Thursday , August 31, 2017 - 5:00 AM8 comments
I returned from an extended stay in London two weeks ago to a nation seething over a protest gone awry. In this land of supposed free speech, one protesting group offended another group to the point of a tragic death. It didn’t stop there. Statues that offend one of the sides came down faster than autumn leaves, some pulled down by angry protesters, others tapped for removal by university presidents, and government and corporate leaders falling over one another in a rush to be the most politically correct of the fray, lest they themselves come under condemnation and some symbol of their own existence is targeted for removal.
I don’t condone the beliefs of white supremacists. I also don’t condone the actions of their opponents to silence them. Regarding the knee-jerk removal of statues, I share a thought.
In London, a retired BBC friend took me on a personal guided tour of England’s heart, the Parliament building. Steeped in history, the ancient structure holds stories and treasures unmatched by most nations, including ours. In the midst of the tapestries, giant portraits, massive art pieces, unique antiques, ornate furniture, and luxurious rugs we approached the entrance to the House of Commons chamber. To my utter surprise, the large, stone-arch entrance to that chamber was blackened, burnt stone, with rough, broken edges and holes.
Puzzled, I turned to my British host. He explained that during World War II, the Germans did their best to obliterate England, especially its core. So the timeless Parliament building would have been a crowning triumph, had they destroyed it. The enemy came close enough that they actually bombed the House of Commons end of the building. The chamber my friend and I entered was a rebuild of the original. But in that rebuild, Prime Minister Winston Churchill ordered that the bombed arch should remain. His reasoning? “Lest we forget.” He and other British leaders chose to leave a visible reminder of that dark part of their history.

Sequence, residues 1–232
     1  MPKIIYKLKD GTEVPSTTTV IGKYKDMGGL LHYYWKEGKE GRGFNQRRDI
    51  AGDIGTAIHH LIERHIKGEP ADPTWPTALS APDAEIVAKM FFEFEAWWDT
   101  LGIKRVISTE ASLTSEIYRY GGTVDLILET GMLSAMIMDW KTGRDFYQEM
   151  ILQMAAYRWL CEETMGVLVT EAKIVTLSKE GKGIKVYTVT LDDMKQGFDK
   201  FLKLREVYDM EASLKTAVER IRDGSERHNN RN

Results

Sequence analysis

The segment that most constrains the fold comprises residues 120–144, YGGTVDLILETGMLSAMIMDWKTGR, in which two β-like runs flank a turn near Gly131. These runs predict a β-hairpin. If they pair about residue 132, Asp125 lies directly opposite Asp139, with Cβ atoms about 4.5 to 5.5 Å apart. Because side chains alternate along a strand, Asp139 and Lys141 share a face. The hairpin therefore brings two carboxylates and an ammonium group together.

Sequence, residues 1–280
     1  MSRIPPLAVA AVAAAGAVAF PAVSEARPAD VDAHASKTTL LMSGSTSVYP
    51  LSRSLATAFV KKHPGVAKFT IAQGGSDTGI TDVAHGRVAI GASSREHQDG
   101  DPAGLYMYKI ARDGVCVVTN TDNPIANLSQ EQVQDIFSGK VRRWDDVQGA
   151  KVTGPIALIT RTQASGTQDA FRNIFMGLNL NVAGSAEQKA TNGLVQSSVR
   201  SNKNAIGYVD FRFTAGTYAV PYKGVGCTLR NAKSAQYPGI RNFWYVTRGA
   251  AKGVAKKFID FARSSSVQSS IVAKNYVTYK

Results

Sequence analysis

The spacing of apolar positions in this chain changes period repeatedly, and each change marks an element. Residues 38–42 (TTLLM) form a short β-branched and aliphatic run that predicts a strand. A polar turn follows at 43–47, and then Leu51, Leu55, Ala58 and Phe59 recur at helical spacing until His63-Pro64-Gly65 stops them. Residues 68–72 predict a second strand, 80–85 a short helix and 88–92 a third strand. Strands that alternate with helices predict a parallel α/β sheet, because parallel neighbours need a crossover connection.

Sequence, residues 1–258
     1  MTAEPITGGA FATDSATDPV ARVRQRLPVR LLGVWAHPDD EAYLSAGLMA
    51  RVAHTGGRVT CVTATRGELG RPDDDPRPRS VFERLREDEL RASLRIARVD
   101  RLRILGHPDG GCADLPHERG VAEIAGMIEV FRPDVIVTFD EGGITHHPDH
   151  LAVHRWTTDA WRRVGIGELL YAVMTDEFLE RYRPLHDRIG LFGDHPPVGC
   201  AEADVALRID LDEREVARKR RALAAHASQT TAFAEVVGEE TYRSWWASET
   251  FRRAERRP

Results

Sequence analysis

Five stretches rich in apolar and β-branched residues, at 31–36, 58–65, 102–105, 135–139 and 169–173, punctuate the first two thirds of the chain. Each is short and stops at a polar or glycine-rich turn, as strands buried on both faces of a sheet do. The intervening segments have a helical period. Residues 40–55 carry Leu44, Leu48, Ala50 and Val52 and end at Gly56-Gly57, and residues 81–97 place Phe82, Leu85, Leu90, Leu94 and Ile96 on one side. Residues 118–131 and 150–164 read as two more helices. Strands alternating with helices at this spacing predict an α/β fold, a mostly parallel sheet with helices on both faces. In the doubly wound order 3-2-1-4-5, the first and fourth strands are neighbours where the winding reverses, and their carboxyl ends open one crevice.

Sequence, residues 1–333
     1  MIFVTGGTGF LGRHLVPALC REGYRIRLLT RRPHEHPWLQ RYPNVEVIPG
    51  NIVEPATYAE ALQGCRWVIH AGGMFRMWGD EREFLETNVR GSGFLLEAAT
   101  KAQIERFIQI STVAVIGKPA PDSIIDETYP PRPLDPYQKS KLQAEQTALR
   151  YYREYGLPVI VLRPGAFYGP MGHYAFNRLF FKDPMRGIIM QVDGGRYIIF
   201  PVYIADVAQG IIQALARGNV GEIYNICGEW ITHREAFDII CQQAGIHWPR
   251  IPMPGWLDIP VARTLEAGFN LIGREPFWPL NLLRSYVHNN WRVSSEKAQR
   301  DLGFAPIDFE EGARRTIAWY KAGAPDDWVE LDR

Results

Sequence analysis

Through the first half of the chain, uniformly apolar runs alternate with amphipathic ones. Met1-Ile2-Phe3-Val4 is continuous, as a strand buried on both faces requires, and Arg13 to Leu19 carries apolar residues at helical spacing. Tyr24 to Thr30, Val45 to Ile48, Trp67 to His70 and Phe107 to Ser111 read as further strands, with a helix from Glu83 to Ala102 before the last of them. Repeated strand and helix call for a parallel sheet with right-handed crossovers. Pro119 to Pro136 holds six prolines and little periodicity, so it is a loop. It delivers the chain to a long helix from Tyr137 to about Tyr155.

In a later visit to the Victoria and Albert Museum, one of London’s largest, most cherished buildings, I saw giant pockmarks and craters along the west side of the otherwise beautifully ornate edifice. A marble slab inset amongst the craters reads, “The damage to these walls is the result of enemy bombing during the blitz of the Second World War 1939-45 and is left as a memorial to the enduring values of this great museum in a time of conflict.”
There are two ways to deal with visual reminders of difficult times in a nation’s history. One is to obliterate them. In doing so, the next generation will never be bothered with having to ponder the past, and commit to a stronger future. It’s easier to pretend there were no dark times in a nation’s history if the evidence is removed. (This is the reasoning behind those who purport the Holocaust never happened.) Destroying evidence of the past also offers a quick way to pacify an offended group — an unfortunate trend that weakens this country.
Or, relying on its “enduring values,” a nation can choose to acknowledge its difficult past, learn all they can from it, and commit to never repeat it.
Destruction of evidence of a dark past reflects an admission of fear. Perhaps we fear we’re not strong enough to guarantee it doesn’t repeat. Or we decide we don’t like that part of our history and wish it never happened. So we pull the evidence down, or shroud it, and supposedly that makes everything right again.
But the absence of reminders of a difficult past robs us. The British people who walk through that arch in Parliament, or run a hand along the rough surfaces of those craters on the museum’s walls can never doubt that their beloved city was once under attack. And that tangible evidence puts iron into their spines, and “never again” resolve into their hearts.
Churchill knew what he was doing. And I’m confident he never once considered pandering to people who might be offended by it.
Small wonder he’s still considered a hero.
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